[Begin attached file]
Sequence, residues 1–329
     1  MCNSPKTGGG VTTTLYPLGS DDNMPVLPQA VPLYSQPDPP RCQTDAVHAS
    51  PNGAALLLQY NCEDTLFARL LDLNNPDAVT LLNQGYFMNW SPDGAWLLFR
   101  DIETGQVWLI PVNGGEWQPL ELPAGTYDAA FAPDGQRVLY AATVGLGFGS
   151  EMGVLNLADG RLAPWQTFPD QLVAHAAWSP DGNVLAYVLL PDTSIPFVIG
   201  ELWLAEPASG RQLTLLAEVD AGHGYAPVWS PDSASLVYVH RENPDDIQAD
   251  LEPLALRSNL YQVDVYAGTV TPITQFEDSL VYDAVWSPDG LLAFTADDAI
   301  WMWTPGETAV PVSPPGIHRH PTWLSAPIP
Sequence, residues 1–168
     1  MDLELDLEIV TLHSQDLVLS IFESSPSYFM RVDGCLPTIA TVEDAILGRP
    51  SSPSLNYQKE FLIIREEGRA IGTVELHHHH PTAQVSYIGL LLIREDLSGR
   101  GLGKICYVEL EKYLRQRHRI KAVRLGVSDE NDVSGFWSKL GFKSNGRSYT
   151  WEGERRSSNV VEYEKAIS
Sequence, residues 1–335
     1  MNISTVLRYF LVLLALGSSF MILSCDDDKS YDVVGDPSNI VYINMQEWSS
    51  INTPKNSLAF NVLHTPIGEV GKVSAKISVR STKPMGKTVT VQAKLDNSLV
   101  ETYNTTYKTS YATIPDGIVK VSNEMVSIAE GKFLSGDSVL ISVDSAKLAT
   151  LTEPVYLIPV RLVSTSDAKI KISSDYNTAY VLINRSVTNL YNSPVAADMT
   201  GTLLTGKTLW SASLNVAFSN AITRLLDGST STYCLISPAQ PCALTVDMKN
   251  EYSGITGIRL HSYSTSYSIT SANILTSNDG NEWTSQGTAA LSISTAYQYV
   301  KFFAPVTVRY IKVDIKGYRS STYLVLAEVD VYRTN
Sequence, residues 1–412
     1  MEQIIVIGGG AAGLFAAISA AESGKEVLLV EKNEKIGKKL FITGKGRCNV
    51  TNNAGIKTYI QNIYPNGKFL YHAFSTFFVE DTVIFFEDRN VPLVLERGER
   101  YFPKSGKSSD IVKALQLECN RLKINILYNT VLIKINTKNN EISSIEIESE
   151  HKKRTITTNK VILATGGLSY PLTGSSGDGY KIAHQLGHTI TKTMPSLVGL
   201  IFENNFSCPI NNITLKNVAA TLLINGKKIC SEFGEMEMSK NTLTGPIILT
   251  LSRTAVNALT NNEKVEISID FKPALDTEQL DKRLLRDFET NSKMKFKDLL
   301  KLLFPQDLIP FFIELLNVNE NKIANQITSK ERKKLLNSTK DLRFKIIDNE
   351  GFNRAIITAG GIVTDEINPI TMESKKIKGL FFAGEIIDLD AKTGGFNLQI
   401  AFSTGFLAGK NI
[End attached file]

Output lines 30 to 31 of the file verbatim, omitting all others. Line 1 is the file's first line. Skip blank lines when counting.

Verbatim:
   351  GFNRAIITAG GIVTDEINPI TMESKKIKGL FFAGEIIDLD AKTGGFNLQI
   401  AFSTGFLAGK NI